Jurors Sean Elwood, former Director of Programs & Initiatives at the Creative Capital Foundation in New York, and Monica Miller, Executive Director of Gallery One Visual Arts Center in Ellensburg, looked at 914 total submissions. Paring down to just 167 pieces for the show was not an easy process for the jurors, “as there were inevitably some very good things not included,” says Sean. “It’s a subjective process. But despite the challenges, picking a show like this can be extremely rewarding. I looked for artworks that were well realized, that embodied beauty and/or intelligence, that were distinctly of this time or embodied a sense of timelessness.”
This beautiful wild bird was my teacher for almost a month, coming to me at death's door, inviting me to remember a long-forgotten language buried deep within my body. He flew across the entire room for the first time on the day of the eclipse, showing me that he was ready to go back to the shore and sea. After releasing him, I became a student of the wind so I would always be able to feel and hear the healing of his wings.
Exhibition times at the Urban Institute for Contemporary Art in Grand Rapids MI for the show Here + Now, where three of my brooches are part of Janet Bond's Abandoned Margins exhibition, have been extended until May 14, so there is still time to see this extensive collection.
From the exhibition website:
"Here + Now, a series of solo exhibitions, performances and community events curated by UICA Exhibitions Curator, Heather Duffy, extends the opportunity presented by US IS THEM to emerging and mid-career African American visual artists, spoken word artists, curators, and performance artists. Here + Now includes newly created solo shows and a guest-curated group exhibition, as well as community events and educational programs.
Guest Curator, Janice Bond
Abandoned Margins: Policing the Black Female Body
Jan 27, 2017 – May 14, 2017
Janice Bond is a curator, interdisciplinary artist, and cultural producer specializing in arts and culture. As a visual/multimedia artist, her original paintings, installations, and collective soundscapes focus on multidimensional human perspectives and identity, sacred geometry, sound frequencies, and indigenous fractal patterns found in various cultures and urban landscapes. In 2014, Bond opened Gallery ONI, a contemporary art gallery and cultural space located in Chicago, Illinois dedicated to promoting the work of women artists of color. As featured guest curator for Here + Now, Bond will present a new iteration of Abandoned Margins: Policing the Black Female Body, which debuted at Chicago’s Woman Made Gallery in early 2016."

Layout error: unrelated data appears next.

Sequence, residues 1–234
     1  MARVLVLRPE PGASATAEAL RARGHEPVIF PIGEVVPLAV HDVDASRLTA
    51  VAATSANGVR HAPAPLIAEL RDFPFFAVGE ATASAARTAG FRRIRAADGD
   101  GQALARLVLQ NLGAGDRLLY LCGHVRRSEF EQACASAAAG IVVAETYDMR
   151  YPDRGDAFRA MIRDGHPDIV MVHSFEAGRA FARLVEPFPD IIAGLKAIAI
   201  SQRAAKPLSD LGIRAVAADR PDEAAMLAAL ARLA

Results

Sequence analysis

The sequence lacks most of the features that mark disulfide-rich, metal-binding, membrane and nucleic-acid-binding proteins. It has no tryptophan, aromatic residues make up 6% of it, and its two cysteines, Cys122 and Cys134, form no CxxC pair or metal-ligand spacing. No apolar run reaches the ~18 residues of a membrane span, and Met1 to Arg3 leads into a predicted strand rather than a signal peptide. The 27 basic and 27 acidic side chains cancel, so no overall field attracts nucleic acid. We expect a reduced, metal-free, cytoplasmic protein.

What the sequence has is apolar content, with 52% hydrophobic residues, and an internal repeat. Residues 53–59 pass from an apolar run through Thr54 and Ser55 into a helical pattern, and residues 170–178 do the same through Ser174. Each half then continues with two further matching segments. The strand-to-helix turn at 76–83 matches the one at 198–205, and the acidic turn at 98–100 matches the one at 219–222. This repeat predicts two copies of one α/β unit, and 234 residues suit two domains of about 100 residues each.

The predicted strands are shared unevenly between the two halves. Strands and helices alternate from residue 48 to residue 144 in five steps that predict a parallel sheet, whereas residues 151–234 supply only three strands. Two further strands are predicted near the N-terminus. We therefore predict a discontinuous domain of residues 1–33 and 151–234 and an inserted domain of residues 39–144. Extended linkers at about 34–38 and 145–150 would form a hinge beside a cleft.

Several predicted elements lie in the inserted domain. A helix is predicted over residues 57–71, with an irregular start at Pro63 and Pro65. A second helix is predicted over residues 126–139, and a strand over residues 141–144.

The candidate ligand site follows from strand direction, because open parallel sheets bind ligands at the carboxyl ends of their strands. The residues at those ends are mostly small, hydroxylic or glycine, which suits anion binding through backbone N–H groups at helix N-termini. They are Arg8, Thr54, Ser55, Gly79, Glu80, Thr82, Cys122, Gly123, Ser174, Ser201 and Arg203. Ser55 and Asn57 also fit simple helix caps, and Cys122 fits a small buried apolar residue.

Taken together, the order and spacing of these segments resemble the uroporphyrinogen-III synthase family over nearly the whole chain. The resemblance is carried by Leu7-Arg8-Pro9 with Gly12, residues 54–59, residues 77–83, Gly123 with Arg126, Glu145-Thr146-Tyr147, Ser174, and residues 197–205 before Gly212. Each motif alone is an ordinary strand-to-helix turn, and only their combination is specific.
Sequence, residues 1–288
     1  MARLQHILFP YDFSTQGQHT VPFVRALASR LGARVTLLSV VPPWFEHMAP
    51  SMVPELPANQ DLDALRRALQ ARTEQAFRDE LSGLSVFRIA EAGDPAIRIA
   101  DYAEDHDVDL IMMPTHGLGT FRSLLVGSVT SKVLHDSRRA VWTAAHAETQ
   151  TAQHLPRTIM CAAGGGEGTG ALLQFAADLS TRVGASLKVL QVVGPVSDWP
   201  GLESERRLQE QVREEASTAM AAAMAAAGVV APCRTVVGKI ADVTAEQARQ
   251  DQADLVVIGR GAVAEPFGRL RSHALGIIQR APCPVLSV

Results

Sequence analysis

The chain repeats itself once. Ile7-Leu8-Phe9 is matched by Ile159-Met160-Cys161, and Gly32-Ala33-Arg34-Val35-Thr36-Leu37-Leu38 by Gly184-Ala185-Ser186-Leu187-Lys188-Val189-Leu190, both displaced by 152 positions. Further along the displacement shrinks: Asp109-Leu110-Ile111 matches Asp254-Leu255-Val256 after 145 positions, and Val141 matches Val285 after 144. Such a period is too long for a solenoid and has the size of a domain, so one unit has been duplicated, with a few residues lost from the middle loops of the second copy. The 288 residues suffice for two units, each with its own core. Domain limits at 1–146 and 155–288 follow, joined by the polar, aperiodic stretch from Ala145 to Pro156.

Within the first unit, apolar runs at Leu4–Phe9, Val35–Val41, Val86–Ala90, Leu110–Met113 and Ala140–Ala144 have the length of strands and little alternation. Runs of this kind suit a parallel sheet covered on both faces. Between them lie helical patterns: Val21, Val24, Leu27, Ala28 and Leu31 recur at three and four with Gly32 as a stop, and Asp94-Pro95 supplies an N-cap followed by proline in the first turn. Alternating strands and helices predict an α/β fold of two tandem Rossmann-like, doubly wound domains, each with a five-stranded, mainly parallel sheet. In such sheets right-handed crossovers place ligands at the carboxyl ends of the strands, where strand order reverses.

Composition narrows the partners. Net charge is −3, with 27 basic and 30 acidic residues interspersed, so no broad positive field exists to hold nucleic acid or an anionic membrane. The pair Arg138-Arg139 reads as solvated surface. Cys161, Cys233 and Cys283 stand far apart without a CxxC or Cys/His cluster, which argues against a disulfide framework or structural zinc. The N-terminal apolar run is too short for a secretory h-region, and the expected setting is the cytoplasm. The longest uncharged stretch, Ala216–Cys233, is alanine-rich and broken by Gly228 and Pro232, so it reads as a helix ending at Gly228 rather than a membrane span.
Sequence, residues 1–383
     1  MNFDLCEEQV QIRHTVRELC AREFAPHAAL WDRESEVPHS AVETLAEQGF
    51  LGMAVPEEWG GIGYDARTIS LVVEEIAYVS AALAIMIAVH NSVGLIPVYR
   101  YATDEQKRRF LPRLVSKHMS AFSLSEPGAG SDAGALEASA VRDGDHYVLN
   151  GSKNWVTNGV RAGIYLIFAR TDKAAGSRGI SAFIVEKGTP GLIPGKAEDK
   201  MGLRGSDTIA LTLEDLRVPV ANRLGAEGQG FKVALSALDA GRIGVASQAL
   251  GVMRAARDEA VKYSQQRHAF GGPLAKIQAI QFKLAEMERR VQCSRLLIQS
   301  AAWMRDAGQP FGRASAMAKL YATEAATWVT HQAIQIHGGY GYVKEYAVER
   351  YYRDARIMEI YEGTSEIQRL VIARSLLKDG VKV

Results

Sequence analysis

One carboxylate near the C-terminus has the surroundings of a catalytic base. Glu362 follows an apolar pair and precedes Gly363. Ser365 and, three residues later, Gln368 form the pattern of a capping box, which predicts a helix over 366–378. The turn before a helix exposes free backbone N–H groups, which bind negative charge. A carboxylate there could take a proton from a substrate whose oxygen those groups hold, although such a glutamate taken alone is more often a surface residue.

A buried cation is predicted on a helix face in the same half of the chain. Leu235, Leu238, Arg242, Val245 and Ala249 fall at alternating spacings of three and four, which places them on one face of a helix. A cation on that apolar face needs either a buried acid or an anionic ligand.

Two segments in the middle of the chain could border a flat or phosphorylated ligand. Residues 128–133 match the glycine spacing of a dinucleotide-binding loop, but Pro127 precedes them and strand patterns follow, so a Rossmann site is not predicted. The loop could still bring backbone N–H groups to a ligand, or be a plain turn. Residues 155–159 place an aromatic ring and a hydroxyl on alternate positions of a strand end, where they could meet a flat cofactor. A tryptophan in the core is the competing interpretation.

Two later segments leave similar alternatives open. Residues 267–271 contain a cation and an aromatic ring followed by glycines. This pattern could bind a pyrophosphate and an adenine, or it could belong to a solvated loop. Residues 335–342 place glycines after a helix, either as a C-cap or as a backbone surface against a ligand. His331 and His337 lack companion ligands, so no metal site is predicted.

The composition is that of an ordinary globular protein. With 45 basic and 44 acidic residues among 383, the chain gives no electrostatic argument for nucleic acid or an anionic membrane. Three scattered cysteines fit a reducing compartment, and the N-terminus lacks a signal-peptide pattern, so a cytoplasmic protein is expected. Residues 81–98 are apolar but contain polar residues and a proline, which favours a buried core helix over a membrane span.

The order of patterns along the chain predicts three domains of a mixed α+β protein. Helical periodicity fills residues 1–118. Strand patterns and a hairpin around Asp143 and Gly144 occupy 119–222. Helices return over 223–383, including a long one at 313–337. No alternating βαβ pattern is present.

In between wedding band orders, collaboration projects, getting images ready for potential inclusion in a book, custom automaton orders and making work for an upcoming opening, I fire up my kiln and sneak in some enameling as much as possible
Almost 30 family members came from all corners of the world for a week-long reunion here on St John recently. Some of us, like me, did not have to travel very far. It was a very happy week connecting with my beautiful family.
When I find the West Indian top shells on my morning beach walks, I like to relocate them to a spot just back from the beach where the hermit crabs assemble--these shells are always gone when I come the next day so I know that a hermit crab has upgraded to a new home. On the beach today, along with the shells for the hermit crabs was one for me, a ring.
Two of my enameled mechanical pendants are nestled in amongst this fine assortment.